1. Stop the existing MySQL instance using the data directory. This must be a clean shutdown so that the instance flushes any pending changes to disk.
  2. Copy the data directory to the location where the new data directory should be.
  3. Copy the my.cnf or my.ini option file used by the existing instance. This serves as a basis for the new instance.
  4. Modify the new option file so that any pathnames referring to the original data directory refer to the new data directory. Also, modify any other options that must be unique per instance, such as the TCP/IP port number and the log files.
  5. Start the new instance, telling it to use the new option file.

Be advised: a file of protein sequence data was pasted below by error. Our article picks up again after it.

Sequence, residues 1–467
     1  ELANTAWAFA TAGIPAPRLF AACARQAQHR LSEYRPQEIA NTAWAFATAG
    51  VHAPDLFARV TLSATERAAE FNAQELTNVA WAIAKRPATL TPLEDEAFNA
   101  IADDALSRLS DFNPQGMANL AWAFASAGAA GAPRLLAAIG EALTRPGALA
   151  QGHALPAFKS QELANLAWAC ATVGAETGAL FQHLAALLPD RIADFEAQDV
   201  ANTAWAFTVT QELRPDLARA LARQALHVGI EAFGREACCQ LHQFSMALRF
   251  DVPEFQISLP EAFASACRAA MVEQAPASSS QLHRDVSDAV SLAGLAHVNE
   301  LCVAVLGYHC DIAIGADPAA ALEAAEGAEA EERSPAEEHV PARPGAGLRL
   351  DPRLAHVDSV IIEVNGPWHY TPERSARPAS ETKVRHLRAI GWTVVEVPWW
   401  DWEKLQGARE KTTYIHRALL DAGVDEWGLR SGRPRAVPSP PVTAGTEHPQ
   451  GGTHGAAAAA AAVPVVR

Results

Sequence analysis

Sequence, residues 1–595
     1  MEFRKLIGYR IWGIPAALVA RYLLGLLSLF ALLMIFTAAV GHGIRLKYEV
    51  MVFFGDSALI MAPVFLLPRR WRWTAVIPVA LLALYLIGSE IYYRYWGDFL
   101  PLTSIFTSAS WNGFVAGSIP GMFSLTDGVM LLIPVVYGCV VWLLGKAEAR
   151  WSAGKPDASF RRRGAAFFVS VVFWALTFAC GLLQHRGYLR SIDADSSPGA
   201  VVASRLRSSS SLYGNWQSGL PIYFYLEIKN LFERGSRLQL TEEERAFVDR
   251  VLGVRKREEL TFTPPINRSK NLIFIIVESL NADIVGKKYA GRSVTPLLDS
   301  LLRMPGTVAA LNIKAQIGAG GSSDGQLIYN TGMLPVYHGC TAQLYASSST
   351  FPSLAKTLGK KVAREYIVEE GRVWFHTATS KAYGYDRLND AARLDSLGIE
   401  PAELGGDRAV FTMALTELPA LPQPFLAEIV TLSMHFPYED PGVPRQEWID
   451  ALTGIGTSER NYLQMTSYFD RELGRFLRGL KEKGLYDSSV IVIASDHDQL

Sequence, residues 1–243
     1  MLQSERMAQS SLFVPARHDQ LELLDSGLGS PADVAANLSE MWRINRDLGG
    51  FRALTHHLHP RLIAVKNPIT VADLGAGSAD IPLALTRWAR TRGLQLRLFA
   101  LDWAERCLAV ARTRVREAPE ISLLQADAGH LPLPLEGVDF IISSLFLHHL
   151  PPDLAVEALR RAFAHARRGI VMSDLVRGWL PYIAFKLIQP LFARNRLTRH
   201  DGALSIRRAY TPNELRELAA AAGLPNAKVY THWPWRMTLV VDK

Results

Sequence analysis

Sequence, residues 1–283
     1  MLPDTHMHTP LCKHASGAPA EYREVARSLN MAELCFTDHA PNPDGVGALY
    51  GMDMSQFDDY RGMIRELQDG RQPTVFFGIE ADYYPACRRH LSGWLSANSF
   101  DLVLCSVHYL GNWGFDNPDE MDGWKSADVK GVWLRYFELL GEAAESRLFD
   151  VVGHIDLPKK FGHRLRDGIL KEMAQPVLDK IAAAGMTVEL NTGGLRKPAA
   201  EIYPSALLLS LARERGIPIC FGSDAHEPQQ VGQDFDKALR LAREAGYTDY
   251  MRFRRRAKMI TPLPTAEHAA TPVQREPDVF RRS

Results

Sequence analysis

12.2.  Running Multiple MySQL Instances on Unix: One way is to run multiple MySQL instances on Unix is to compile different servers with different default TCP/IP ports and Unix socket files so that each one listens on different network interfaces. Compiling in different base directories for each installation also results automatically in a separate, compiled-in data directory, log file, and PID file location for each server. Assume that an existing 5.0 server is configured for the default TCP/IP port number (3306) and Unix socket file (/tmp/mysql.sock). To configure a new 5.1.57 server to have different operating parameters, use a configure command something like this: shell> ./configure --with-tcp-port=port_number \ --with-unix-socket-path=file_name \ --prefix=/usr/local/mysql-5.1.57 Here, port_number and file_name must be different from the default TCP/IP port number and Unix socket file path name, and the --prefix value should specify an installation directory different from the one under which the existing MySQL installation is located. If you have a MySQL server listening on a given port number, you can use the following command to find out what operating parameters it is using for several important configurable variables, including the base directory and Unix socket file name: shell> mysqladmin --host=host_name --port=port_number variables You need not compile a new MySQL server just to start with a different Unix socket file and TCP/IP port number. It is also possible to use the same server binary and start each invocation of it with different parameter values at runtime. One way to do so is by using command-line options: shell> mysqld_safe --socket=file_name --port=port_number To start a second server, provide different --socket and --port option values, and pass a –datadir=path option to mysqld_safe so that the server uses a different data directory. Alternatively, put the options for each server in a different option file, then start each server using a --defaults-file option that specifies the path to the appropriate option file. For example, if the option files for two server instances are named /usr/local/mysql/my.cnf and /usr/local/mysql/my.cnf2, start the servers like this: command: shell> mysqld_safe --defaults-file=/usr/local/mysql/my.cnf shell> mysqld_safe --defaults-file=/usr/local/mysql/my.cnf2   Using Client Programs in a Multiple-Server Environment: To connect with a client program to a MySQL server that is listening to different network interfaces from those compiled into your client, you can use one of the following methods: